Tuesday, June 6

March soybeans hit new contract highs on dry S. American crop woes

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SINGAPORE — Chicago most-active soybean and corn futures both stretched to fresh seven-month highs during Asian trading hours on Monday, as traders fixated on how a possible downturn in crop supplies from South America could underpin demand for US crops.

March soybean futures peaked at $14.96-3/4 a bushel in early trade on Monday, before easing to around 14.92-3/4 by 05:50 GMT. March corn followed a similar path and held around $6.41 a bushel throughout.

Trading volumes were light, with market participants in China and elsewhere in Asia observing the Lunar New Year holiday. China’s main futures markets are closed until Feb. 7.


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Concerns about dry conditions hurting crops in South America have underpinned global grain and oilseed market sentiment so far in 2022, helping US soybean and corn futures make steady gains as traders try to price in how lost supplies in Brazil and Argentina will impact demand for US crops .

Argentina may have left the worst of its summer drought behind, but the risk of dry weather to the country’s crops remains real, the Rosario grains exchange said in its latest weather analysis.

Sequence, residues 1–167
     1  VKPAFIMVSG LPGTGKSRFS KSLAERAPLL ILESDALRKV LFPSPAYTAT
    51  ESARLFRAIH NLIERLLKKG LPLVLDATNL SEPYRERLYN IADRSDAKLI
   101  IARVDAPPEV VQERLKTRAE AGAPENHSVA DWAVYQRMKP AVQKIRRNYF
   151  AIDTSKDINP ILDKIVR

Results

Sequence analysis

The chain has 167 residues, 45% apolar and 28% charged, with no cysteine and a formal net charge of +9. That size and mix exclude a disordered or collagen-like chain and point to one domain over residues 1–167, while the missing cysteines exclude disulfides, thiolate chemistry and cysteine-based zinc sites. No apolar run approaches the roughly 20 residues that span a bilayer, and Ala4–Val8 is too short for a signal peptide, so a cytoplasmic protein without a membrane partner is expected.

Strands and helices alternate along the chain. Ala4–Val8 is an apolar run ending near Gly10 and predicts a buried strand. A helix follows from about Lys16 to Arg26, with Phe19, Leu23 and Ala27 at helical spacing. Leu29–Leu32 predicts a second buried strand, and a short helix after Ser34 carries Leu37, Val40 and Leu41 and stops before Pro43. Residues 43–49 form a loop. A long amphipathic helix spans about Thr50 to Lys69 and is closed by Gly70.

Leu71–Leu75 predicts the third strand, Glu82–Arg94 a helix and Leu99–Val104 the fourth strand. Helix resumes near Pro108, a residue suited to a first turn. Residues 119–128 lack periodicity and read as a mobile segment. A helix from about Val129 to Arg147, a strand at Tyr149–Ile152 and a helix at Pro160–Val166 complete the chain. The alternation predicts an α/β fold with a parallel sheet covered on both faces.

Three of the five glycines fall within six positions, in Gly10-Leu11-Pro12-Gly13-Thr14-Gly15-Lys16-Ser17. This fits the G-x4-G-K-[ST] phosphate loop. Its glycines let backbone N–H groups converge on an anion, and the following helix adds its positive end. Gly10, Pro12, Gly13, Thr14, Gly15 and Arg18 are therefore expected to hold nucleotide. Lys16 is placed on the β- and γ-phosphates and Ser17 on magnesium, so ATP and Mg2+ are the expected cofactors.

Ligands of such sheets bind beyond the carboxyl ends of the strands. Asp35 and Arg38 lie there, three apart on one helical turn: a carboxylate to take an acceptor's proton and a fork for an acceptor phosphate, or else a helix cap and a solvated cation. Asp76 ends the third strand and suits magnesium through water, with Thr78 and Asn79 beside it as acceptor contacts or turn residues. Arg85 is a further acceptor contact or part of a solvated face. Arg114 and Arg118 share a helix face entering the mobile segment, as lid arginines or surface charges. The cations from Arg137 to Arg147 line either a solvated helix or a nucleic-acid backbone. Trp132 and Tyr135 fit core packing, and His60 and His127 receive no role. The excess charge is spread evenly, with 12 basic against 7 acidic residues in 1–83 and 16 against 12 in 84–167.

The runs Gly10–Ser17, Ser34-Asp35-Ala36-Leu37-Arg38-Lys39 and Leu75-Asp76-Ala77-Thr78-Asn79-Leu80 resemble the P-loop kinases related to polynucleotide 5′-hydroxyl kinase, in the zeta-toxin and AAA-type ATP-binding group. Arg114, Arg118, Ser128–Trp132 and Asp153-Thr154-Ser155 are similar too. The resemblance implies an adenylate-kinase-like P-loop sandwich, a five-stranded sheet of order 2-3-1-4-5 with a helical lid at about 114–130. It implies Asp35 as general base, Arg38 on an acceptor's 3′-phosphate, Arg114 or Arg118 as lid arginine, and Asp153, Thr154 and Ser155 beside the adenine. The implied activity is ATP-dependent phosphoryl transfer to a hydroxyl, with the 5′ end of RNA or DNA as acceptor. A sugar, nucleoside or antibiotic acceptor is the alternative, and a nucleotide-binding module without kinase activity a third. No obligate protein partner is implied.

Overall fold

March soybean futures have gained over 11% this year, while March corn is up over 8% as the two crops gear up to fight for acreage in the United States this spring.

Chicago wheat was also firmer, as traders price in how the standoff over Ukraine may impact wheat export flows from the key Black Sea region.


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Speculators ramped up bullish views in Chicago corn and soybeans last week with futures notching or nearing new highs, but despite the unusually strong optimism, investors are much less invested than a year ago.

Elsewhere, India is likely to set aside about 3 trillion rupees ($40 billion) on food and fertilizer subsidies in its budget next week for 2022/23, officials said, roughly the same amount the government budgeted for this fiscal year ending in March.

Brent crude climbed over 1% Monday to above $91 a barrel, and is on course for its best month since February 2021.

(Reporting by Gavin Maguire; Editing by Rashmi Aich and Shailesh Kuber)



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